WASHINGTON — Retired Gen. H. Norman Schwarzkopf, who topped an illustrious military career by commanding the U.S.-led international coalition that drove Saddam Hussein’s forces out of Kuwait in 1991 but kept a low public profile in controversies over the second Gulf War against Iraq, died Thursday. He was 78.
So I invested in a $7 multi-directional TV digital antenna, to see if I can cut the cable cord. It doesn’t look likely, since I couldn’t pull in two of the local stations. But I gotta say, the HD picture was so much better than it is with the cable! Anyone else ever notice this?
But Atrios got there first.
“We can do better by replacing the archaic system we have now with ones that offer better incentives to work. We have too many distinct programs (unemployment insurance, food stamps, housing vouchers) that penalize earnings, collectively creating a huge implicit tax that discourages work among the poor.“
Here are my new socks. Cool, huh?
Lee Camp’s Moment of Clarity:
Apparently the plan is to bait Boehner into making a deal. Harry Reid went on the offensive today against John Boehner:
Senate Majority Leader Harry Reid said this morning that it “looks like” Congress will fail to come to a deal to avert the year-end fiscal cliff, blaming the failure on House Speaker John Boehner’s “dictatorship” running the lower chamber.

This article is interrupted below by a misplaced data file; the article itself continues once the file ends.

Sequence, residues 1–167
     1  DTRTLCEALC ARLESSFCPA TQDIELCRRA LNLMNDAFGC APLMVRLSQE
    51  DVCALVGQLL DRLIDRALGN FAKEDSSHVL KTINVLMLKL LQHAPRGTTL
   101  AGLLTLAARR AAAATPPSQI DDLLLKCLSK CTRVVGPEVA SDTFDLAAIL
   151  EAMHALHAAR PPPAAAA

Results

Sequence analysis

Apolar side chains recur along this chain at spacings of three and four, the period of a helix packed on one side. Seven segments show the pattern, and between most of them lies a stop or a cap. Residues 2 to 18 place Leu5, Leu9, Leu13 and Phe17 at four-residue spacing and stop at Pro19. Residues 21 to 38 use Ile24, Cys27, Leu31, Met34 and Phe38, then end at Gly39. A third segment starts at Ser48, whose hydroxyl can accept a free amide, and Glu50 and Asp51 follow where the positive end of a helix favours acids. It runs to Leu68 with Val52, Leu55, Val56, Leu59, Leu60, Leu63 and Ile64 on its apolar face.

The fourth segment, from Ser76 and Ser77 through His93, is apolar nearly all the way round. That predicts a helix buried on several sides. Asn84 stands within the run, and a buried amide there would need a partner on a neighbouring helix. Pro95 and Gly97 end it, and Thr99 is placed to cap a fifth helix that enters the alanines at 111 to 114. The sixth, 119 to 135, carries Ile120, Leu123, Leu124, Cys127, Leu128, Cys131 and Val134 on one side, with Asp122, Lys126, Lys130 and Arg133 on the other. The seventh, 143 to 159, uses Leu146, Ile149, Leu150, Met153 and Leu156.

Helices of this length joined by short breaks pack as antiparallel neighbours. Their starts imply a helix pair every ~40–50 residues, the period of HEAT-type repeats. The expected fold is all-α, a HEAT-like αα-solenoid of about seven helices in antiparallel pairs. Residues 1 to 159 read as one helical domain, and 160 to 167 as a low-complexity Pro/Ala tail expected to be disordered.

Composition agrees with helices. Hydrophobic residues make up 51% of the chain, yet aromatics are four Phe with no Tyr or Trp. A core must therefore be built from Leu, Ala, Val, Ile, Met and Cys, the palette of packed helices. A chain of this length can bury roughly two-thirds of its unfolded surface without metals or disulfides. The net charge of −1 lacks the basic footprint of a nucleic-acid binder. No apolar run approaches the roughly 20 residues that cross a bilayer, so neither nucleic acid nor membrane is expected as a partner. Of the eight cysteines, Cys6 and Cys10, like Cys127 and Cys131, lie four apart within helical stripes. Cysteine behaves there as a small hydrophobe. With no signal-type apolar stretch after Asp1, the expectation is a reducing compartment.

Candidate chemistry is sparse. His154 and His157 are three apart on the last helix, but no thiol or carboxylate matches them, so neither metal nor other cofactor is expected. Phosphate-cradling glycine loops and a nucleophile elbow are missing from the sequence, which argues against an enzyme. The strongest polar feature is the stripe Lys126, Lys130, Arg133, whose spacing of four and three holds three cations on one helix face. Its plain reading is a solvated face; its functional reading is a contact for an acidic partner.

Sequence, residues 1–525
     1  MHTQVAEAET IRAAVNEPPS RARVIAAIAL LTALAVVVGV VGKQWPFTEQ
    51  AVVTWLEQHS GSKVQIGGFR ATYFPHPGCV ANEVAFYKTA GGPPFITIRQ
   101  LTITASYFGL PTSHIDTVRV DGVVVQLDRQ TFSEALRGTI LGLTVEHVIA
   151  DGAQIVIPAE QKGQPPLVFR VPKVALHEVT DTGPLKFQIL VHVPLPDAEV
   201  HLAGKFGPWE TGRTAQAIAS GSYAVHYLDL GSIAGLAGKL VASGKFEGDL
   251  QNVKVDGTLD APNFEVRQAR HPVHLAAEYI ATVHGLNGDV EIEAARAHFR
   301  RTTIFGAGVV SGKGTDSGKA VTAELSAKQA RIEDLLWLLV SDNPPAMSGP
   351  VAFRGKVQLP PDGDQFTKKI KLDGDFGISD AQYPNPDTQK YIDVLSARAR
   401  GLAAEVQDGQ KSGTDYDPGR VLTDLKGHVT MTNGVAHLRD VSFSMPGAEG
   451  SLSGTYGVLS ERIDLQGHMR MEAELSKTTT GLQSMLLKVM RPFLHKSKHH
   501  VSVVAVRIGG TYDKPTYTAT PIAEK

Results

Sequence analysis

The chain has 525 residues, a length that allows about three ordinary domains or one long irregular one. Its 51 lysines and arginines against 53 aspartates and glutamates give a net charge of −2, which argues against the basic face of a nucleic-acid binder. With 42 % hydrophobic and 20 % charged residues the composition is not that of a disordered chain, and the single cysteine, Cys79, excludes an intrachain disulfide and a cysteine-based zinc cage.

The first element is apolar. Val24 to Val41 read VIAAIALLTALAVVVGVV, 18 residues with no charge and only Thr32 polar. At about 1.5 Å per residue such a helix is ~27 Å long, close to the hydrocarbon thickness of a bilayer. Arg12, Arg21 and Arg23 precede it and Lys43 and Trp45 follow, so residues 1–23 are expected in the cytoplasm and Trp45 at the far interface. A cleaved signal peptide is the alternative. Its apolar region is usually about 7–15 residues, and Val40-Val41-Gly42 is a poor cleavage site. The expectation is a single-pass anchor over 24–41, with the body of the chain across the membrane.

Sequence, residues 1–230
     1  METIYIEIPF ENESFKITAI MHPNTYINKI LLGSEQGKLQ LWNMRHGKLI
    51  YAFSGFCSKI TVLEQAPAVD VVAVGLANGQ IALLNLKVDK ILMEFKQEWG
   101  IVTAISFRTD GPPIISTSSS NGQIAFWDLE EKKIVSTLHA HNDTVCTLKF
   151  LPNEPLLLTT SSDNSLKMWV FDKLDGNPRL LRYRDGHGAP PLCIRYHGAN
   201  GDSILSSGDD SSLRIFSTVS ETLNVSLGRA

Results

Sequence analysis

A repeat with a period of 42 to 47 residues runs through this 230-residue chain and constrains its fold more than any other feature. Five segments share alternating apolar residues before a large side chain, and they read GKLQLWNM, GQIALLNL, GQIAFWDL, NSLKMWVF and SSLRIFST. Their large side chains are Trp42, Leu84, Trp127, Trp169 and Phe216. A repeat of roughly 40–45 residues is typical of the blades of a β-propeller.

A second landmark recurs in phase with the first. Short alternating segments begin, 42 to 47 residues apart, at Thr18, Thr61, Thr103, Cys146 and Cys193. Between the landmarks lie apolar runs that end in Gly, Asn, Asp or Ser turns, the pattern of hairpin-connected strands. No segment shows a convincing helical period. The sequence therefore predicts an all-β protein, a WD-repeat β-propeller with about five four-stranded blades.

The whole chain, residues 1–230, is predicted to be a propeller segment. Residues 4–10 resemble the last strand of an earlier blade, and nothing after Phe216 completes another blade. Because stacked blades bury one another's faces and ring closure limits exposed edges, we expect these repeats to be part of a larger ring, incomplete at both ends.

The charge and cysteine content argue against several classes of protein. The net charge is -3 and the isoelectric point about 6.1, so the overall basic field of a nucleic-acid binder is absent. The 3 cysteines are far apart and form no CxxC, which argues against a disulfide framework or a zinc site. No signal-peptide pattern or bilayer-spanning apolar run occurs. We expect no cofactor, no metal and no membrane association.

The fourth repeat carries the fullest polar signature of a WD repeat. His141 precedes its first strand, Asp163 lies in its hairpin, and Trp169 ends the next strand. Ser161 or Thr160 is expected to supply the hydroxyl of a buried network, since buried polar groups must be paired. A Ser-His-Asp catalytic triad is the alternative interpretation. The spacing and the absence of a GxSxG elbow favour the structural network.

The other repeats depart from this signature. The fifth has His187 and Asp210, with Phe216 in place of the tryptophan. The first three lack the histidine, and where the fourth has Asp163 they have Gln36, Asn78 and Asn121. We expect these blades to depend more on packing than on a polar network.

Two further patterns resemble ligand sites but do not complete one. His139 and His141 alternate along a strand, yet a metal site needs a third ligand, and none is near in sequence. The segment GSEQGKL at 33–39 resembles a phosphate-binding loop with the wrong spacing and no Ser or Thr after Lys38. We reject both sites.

“It looks like that’s where we’re headed,” Reid said. “I don’t know, time-wise, how it can happen now.”
It’s not exactly a surprise — leaders left Washington last week without any imminent signs of a deal in the making. But it’s a grim warning just days before tax hikes and automatic spending cuts begin to take effect.
Reid opened the Senate session by launching into a lengthy criticism of the House and Boehner, saying he “seems to care more about his Speakership” than making a deal on the cliff.
The House is being run “by a dictatorship of the Speaker,” Reid said. He accused Boehner of waiting until the election of the Speaker on Jan. 3 to get involved with negotiations. And he urged the lower chamber to pass the Middle Class Tax Cut Act, which the Senate narrowly passed in July. The bill made permanent all of the Bush-era tax cuts on incomes of less than $250,000 for couples and $200,000 for individuals.
Reid also slammed the House for not being in session on Thursday. He said that instead of being in Washington, Republicans are “out watching movies.”